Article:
Hashtag: Danger, written by me and drawn by Chris Giarrusso, is about a group of super-science adventurers like Fantastic Four, or Challengers of the Unknown, or the old Sea Devils. What sets them apart is, they’re rotten to each other and they don’t go on adventures very much.

Bronze Age Boogie, by Stuart Moore and Alberto Ponticelli, is this wonderful mash-up of all the genres that peaked in comics of the ’70s: martial arts, barbarians, tripod Martians, talking apes, streetwise detectives, etc. It is a weird and completely entertaining romp.

Planet of the Nerds is by Paul Constant and Alan Robinson. It tells the story of three nerd-hating high-school jocks who are accidentally frozen in the ’80s and thawed in 2019, a nerd paradise where everyone has a computer in their pocket and super-heroes rule the box-office. This is Paul’s first series as a comics writer, but you wouldn’t know it.

AHOY also made headlines when it picked up Second Coming by Mark Russell and Richard Pace after DC reverted the rights back to the creators. What is Second Coming about and why do you think AHOY is a better fit for the title than DC?

It’s the perfect fit for us. It’s smart and funny and it looks great. And it’s a story not found in any other comic. This is what we try to do every time.

Now as it’s first anniversary is approaching, what are the short and long term plans for AHOY and where would you like to see the company a year from now?

We have another project coming in June, a one-shot called Steel Cage, subtitled “3 comics enter… 1 comic leaves!”

It’s an anthology of three series pilots,and readers will vote on which becomes a series.

Mark Waid and Lanna Souvanny have one called “Noah Zark”, about a kid who frees every animal from an interplanetary zoo.

Stuart Moore and Peter Gross provide “Bright Boy,” about a genius who undergoes a terrible transformation when he thinks too hard.

Alan Robinson and I have “True Identity,” about the world’s most beloved super-hero and why he hates himself.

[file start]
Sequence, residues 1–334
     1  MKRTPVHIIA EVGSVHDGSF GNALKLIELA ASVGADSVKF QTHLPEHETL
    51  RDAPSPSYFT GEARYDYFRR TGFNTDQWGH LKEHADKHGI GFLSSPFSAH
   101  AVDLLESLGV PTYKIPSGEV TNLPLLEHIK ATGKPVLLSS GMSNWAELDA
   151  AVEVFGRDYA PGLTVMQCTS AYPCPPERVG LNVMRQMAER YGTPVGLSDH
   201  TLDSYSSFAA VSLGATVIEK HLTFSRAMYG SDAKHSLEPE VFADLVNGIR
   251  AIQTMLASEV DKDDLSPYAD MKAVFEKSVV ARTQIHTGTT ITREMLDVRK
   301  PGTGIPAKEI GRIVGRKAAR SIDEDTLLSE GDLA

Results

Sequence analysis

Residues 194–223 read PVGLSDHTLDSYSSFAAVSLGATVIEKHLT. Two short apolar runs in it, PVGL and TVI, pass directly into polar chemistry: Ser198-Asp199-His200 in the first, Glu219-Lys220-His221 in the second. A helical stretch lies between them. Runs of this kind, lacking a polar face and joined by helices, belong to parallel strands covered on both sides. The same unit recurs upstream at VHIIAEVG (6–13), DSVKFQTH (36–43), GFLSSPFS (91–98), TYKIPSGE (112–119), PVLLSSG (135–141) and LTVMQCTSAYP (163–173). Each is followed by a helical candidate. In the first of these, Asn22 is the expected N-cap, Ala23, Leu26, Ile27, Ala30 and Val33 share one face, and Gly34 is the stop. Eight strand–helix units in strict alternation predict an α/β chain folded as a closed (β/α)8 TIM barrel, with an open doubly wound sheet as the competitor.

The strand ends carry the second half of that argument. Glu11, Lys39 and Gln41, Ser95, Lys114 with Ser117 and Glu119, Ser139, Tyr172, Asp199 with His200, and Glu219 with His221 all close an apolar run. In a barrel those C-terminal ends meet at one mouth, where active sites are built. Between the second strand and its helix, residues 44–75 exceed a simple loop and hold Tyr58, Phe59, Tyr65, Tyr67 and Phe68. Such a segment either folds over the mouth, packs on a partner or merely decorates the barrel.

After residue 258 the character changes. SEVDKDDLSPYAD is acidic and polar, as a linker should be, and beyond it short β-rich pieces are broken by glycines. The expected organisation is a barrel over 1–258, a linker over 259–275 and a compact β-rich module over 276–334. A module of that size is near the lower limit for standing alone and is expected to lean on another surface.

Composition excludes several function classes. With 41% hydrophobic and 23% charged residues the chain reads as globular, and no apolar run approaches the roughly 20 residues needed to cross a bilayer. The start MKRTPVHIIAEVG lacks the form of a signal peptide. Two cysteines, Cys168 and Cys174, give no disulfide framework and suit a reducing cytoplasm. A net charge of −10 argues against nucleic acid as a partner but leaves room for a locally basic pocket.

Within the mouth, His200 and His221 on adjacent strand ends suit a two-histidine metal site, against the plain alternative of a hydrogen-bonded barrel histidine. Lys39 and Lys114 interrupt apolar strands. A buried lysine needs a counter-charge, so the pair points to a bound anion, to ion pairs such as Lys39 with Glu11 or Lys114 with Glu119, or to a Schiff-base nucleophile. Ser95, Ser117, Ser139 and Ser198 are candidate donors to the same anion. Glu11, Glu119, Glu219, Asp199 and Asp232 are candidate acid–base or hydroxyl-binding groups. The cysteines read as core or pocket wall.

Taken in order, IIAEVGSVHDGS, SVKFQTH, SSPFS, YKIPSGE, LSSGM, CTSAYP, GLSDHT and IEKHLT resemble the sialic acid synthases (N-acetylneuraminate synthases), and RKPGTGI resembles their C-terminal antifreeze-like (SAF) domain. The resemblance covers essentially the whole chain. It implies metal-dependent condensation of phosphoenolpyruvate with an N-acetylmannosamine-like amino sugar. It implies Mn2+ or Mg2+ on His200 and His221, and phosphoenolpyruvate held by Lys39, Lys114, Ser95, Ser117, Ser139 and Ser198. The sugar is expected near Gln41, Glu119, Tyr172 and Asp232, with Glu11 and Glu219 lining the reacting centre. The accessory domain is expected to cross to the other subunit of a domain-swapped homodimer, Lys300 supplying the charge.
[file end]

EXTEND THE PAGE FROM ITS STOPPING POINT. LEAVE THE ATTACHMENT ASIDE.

Who will win?

My money is on Alan and me.

Where would I like AHOY to be next year? I just want the opportunity to keep doing what we’re doing.

You’ve written and edited for Marvel, DC, Dark Horse, Oni, and Vertigo. Do you prefer one role over another and any chance we might see a (20th anniversary!) collection of your brilliant Hourman series from DC?

I don’t know. The first issue of Hourman just went up on Comixology, which is nice. To answer your other question, I really do like both roles. They’re very different. I hadn’t edited for a very long time, and until I started again, I didn’t realize how much I’d missed it. But I could never not write.

Finally, you’re stuck on a desert island, with five favorite comic book runs/storylines to keep you entertained. What are they, and in a sentence or so, why did they make the list?

  • The Lee-Ditko Spider-Man run: action-packed and sad and funny and eccentric.
  • All-Star Superman by Grant Morrison and Frank Quitely. It’s like everything good about Superman, shrunk down and put into a bottle.
  • Metamorpho by Bob Haney and Ramona Fradon, because of its sitcom-perfect cast.
  • Any volume of IDW’s Library of American Comics Dick Tracy reprints from the ’50s or ’60s. Shoot, I’m stranded on an island, give me all of the ’50s and ’60s.
  • The Robin series from Star Spangled Comics, 1947-50. The funnest of the dumb, the dumbest of the fun.

The Wrong Earth Vol. 1 is available now.